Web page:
A critical set of California voters are highly engaged on environmental issues and see corporations as having the power and responsibility to combat climate change
Courage California Institute partnered with Data for Social Good Foundation, Communities for a New California Education Fund, California Environmental Voters Education Fund, Inland Empire United Education Fund, and Voices in Solidarity Against Oil in Neighborhoods to conduct polls of over 1,000 registered voters across the state.
Of polled voters who do not identify with any political ideology (liberal, conservative, or moderate, herein referred to as “unaffiliated voters”), 39% are registered as no party preference and 31% lean Democrat, with higher proportions of these voters concentrated in Northern California and Central Valley, in Black communities, and among younger voters. Poll results show that unaffiliated voters care about climate change, are more engaged than other voters on the issue, are less likely to believe elected officials can effectively combat climate change, and see corporations as having the most power and responsibility to do so.
Unaffiliated voters believe climate change is real and have noticed the effects of climate change become more severe.
The majority of California unaffiliated voters believe climate change is real (67%) and have noticed the effects of climate change become more severe (75%). Compared to other voters, more see extreme temperatures as the most likely result of climate change (67%) and see the greatest effects in pollution (28%, compared to 14-22%) and health (27%, compared to 8-16%).
While voters have identified jobs and the economy as their top issue in previous polls, the overwhelming majority of unaffiliated voters are unwilling to accept new job creation if it leads to worse health outcomes for their families.
In our 2022 general election poll, more voters across six congressional districts (28-35%) identified jobs and the economy as their top issue than other issues. However, when asked in this poll if they would be willing to accept new job creation even if it leads to worse health outcomes for them and their families, 77% of unaffiliated voters disagreed. Additionally, 61% agree the state should focus on transitioning away from polluting fossil fuels to cleaner renewable energy.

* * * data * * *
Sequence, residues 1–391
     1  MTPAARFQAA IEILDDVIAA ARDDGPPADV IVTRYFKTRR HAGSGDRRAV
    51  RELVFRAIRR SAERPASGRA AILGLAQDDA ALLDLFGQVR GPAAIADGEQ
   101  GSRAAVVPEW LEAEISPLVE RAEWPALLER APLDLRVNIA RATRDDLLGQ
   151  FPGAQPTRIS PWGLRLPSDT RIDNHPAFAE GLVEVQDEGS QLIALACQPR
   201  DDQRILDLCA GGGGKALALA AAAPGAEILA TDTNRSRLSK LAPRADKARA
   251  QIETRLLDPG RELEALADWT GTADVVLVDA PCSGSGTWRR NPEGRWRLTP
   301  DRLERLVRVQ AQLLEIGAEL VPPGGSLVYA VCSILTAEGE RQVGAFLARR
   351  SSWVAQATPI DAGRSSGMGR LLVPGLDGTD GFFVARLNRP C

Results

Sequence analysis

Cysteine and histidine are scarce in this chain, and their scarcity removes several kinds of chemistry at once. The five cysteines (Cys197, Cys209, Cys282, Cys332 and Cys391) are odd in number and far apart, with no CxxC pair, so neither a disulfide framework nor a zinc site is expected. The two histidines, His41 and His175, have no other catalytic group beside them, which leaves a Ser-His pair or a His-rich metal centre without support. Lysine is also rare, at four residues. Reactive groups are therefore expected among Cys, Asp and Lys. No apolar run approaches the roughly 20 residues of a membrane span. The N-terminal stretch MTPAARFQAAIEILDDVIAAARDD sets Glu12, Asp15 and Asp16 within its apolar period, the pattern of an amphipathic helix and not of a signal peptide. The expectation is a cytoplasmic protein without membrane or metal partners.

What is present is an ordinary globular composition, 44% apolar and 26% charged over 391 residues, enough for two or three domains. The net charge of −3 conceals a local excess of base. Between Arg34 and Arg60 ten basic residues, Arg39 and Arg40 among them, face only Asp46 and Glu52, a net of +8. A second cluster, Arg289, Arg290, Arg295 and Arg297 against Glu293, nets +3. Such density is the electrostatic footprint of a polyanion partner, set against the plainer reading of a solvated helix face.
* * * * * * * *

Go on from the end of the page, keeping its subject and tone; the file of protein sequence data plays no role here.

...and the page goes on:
Corporations are seen as having the most power to effectively combat climate change, and unaffiliated voters hold the highest belief in punishing corporate polluters as the best policy.
Unaffiliated voters believe corporations have the most power to effectively combat climate change (41%, compared to 22% who believe an elected official does) and are also more likely than other voters to see ONLY corporations as being able to make a meaningful impact to address climate change (22%, compared to 20% of liberal voters, 11% of conservatives, and 11% moderates).
They also view corporations as the biggest barrier to addressing climate change (24%, compared to 20% who view government/government gridlock and 7% political party establishments) and have the highest belief that punishing corporate polluters is the best policy approach that politicians should take to minimize the effects of climate change (33%, compared to 28% of liberals, 18% of moderates, and 13% of conservatives).
Unaffiliated voters are the most engaged on environmental issues and see voting as the best way to bring about an improved environment.
Nearly half (49%) of unaffiliated voters considered themselves to be engaged “a lot” on environmental issues, noticeably more than all other voters (36% of liberals, 26% of conservatives, and 23% of moderates).
Clear majorities think that voting (67%) and advocating for a policy (59%) are the best ways to bring about an improved environment, though less so than liberals on both (88% and 71%, respectively) and moderates on voting (74%).
Unaffiliated voters are more likely to hear about climate change from social media and are more likely to trust environmental activists for climate change information than other voters.
Unaffiliated voters hear about climate change most from the news (52%), but were more likely than other voters to hear via social media (20%, compared to 18% of liberals, 16% of moderates, and 14% of conservatives).
When asked to rank who they would trust most for information regarding climate change, the majority of unaffiliated voters ranked scientist (61%) at the top, then environmental activist (14%), and environmental organization (8%). Out of all voters, they are the most likely to trust environmental activists (14%, compared to 6% of moderates, 5% of conservatives, and 3% of liberals).
The majority of unaffiliated voters do not believe California is prepared to effectively address climate change, nor that they can encourage their state representatives to focus more on environmental issues.
When asked if California is prepared to address climate change, 53% of unaffiliated voters disagree, 26% neither agree nor disagree, and 21% agree. Similarly, 51% do not believe they can encourage their state representatives to focus more on addressing environmental issues, 25% might or might not, and 25% do.
About this poll
Data for Social Good Foundation conducted the poll for Courage California Institute, Communities for a New California Education Fund, California Environmental Voters Education Fund, Inland Empire United Education Fund, and Voices in Solidarity Against Oil in Neighborhoods from May 4 – June 7, 2023. The poll was administered online in English and Spanish. We polled 1,002 registered voters, intentionally oversampling from demographic communities that have seen higher rates of growth in the last decade, including voters of color.